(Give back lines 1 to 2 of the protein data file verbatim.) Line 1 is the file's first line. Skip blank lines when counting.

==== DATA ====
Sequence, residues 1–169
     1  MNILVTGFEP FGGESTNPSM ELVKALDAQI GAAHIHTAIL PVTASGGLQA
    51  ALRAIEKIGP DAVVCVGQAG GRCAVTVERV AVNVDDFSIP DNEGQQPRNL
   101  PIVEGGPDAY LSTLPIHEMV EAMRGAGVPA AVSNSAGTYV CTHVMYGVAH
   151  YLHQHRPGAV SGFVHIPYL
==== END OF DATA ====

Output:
Sequence, residues 1–169
     1  MNILVTGFEP FGGESTNPSM ELVKALDAQI GAAHIHTAIL PVTASGGLQA